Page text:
This article was originally published in the January/February 1994 issue of Home Energy Magazine. Some formatting inconsistencies may be evident in older archive content.



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Home Energy Magazine Online January/February 1994




Energy Efficiency Rides the Radio Airwaves

The nation's public radio airwaves are spreading the message that efficient energy use can help consumers save dollars. Energy Matters--a series of 21/2-minute drive-time modules--tells radio listeners how to conserve energy at home and offers an objective perspective on new techniques and technologies.

The series features practical, everyday energy-saving ideas like using setback thermostats, retaining heat with curtains and shades, and the proper sizing of heating systems, providing listeners with a broad range of information to help them decide to choose energy efficiency. The Niagara Mohawk Power Corporation granted funding to National Public Radio affiliate WRVO-FM 90 in Oswego, New York, for the creation and production of the series.

Energy Matters typically airs twice a day, three days a week, over public radio stations in eight states. Niagara Mohawk senior marketing specialist Chris Finkle said, We believe that the audience reached by public radio is responsive to the message of strategic value of energy resources and the environmental impacts of energy use. We also realized that our utility outreach efforts were missing this segment of our customers. The typical public-radio listener is older, middle- to upper-income, well-educated and motivated. They may not, however, have the practical information necessary. Finkle said Energy Matters helps these listeners take individual actions, and influence others to understand and make better use of energy. We know this audience tends to think more globally, and this information helps them to take action on a local level. The program gets practical information into the hands of an audience comprised of opinion leaders, educators and business professionals who are likely to pass on the information to others.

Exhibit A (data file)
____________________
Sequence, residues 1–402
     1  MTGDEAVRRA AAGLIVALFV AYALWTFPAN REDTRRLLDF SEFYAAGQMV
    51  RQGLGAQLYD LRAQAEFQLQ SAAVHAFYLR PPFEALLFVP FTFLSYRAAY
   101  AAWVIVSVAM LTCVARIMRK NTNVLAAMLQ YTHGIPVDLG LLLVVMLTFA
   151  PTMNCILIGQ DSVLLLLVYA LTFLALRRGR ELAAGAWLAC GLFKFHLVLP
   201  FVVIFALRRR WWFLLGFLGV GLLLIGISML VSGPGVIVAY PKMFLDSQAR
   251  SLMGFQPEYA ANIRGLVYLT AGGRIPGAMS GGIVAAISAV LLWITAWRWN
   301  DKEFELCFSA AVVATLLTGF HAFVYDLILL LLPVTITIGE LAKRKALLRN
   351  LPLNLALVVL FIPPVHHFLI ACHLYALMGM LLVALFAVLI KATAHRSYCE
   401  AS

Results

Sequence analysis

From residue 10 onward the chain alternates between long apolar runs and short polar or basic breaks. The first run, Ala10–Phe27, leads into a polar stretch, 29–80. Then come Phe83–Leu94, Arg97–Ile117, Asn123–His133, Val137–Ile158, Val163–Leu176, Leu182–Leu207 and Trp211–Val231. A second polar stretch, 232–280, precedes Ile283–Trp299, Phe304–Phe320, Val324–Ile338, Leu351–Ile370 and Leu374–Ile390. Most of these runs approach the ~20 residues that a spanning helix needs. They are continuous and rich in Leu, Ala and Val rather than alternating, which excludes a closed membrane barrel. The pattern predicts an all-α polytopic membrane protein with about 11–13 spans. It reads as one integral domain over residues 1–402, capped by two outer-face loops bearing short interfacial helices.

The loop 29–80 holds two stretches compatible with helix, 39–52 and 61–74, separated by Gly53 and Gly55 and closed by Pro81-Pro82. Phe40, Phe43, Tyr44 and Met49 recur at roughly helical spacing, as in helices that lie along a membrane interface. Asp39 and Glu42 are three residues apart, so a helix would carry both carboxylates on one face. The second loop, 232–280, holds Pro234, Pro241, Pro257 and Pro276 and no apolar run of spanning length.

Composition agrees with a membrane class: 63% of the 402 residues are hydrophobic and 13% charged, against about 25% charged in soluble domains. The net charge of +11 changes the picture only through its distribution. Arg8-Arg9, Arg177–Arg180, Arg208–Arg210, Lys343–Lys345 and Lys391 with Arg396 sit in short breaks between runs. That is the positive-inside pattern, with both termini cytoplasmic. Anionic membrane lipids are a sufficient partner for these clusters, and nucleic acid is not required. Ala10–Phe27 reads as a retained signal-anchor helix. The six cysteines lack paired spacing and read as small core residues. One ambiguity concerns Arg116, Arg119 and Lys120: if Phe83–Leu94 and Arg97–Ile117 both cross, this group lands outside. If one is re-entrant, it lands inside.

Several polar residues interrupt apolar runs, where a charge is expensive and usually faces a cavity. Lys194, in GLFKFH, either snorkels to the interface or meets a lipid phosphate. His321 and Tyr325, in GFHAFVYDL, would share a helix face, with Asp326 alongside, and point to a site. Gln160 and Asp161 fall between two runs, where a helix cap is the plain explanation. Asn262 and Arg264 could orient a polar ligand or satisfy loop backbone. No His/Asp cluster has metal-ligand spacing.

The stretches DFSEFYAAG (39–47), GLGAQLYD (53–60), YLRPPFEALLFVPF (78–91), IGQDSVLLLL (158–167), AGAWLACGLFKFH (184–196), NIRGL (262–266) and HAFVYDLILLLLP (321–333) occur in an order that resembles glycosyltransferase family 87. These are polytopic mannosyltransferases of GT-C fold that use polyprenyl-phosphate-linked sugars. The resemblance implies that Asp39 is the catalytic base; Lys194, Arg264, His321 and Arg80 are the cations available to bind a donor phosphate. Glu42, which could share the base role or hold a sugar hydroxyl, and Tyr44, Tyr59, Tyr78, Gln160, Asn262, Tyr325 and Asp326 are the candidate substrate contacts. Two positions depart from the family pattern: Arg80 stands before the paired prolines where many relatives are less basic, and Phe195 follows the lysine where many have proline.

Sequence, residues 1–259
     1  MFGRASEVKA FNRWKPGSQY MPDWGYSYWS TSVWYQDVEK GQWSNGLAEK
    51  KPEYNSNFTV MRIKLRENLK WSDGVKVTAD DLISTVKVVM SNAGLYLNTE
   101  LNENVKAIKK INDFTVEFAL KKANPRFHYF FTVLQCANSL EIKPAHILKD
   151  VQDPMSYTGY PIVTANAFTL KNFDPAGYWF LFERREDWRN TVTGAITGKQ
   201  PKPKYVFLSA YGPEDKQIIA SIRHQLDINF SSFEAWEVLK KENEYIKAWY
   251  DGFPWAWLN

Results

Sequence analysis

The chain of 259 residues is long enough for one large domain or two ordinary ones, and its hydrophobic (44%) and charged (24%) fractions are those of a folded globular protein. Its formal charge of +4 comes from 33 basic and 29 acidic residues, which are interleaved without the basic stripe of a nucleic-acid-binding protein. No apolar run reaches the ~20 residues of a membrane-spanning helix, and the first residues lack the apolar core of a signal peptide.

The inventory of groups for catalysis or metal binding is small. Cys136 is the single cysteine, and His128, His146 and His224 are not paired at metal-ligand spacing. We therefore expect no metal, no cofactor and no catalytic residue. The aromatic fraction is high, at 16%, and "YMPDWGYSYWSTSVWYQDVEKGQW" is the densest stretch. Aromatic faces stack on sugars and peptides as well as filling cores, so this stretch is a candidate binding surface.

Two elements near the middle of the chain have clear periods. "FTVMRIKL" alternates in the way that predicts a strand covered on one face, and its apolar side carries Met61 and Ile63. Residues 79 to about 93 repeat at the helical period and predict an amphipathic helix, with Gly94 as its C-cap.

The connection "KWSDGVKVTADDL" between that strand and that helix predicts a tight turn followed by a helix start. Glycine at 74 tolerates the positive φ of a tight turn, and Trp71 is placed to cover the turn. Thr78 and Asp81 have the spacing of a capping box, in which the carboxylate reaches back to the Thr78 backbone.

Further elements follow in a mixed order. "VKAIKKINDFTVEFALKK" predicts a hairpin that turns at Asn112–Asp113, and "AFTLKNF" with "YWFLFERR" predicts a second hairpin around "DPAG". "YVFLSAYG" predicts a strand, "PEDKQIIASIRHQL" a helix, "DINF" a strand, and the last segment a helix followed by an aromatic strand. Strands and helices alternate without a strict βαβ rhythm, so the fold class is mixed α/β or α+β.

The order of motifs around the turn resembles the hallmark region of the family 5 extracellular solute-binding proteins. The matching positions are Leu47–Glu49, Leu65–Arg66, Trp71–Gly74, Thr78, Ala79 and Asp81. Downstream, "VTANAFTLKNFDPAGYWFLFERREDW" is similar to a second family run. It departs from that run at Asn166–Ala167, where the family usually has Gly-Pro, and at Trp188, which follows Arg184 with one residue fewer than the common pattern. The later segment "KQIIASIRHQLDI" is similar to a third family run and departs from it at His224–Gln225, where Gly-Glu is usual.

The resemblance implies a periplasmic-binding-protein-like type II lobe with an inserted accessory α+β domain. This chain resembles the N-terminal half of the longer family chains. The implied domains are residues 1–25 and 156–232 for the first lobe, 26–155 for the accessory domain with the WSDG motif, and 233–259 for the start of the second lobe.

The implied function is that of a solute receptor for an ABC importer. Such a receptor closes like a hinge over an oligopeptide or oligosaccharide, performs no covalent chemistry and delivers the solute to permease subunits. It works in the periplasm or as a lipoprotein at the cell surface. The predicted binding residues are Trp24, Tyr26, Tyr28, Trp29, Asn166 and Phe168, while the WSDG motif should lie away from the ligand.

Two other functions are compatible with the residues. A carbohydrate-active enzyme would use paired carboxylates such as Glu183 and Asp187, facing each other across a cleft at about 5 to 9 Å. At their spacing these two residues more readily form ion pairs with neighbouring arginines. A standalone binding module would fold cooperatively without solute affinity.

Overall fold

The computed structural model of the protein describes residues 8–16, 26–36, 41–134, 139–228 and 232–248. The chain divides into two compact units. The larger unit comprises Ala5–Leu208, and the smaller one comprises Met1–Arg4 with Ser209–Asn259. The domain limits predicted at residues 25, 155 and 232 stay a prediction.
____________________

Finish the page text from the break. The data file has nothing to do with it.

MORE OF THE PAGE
Program producer Bob Hageny said the response has been very positive. We receive a number of calls that typically either ask for more information, or praise the show for its informative ability. Niagara Mohawk has had similar experience with feedback. Also, Finkle said that reactions from our customers and employees have been overwhelmingly positive.

Announcer John Hurlbutt, along with Hageny and Jim Clark, the technical advisor for the show, interview leading professionals and proponents of energy efficiency use including representatives from the American Council for an Energy-Efficient Economy, the Conservation and Renewable Energy Inquiry and Referral Service, the Florida Solar Energy Center, and the Alliance to Save Energy. Some of the topics covered in the first season's programs included: stack effect, building envelope, active solar heating, energy surveys, electric vehicles, mobile-home skirting, radiant barriers, and home energy rating systems.

Radio's unique ability to pique the listener's interest in a non-intrusive manner fosters a desire to learn more about the entire subject of energy use and how it affects the environment, specifically the home environment. The show is intended to increase consumers' ability to control energy usage in their lives and to enhance control over their health, safety, home affordability and comfort.

Now in the second year of production, the Energy Matters team is focusing on increasing the depth and quality of this year's 156 new shows. In our first year, we focused on breadth of topics and introducing the audience to the array of information about energy use. This season we hope to present more in-depth information, providing the listeners with practical information as well as continuing to keep them abreast of the latest technological advances, Hageny says.

Niagara Mohawk has committed to a second season of funding for the program. We hope to continue the relationship to increase the value of Energy Matters to all listeners, said Finkle. Hageny and the production team are reaching out to bring a diversified selection of segments to the listeners. Future production sites include the Rocky Mountain Institute and Lawrence Berkeley Laboratory.

-- Jim Clark

Jim Clark is technical advisor for Energy Matters, produced by WRVO-FM 90 in Oswego, New York.



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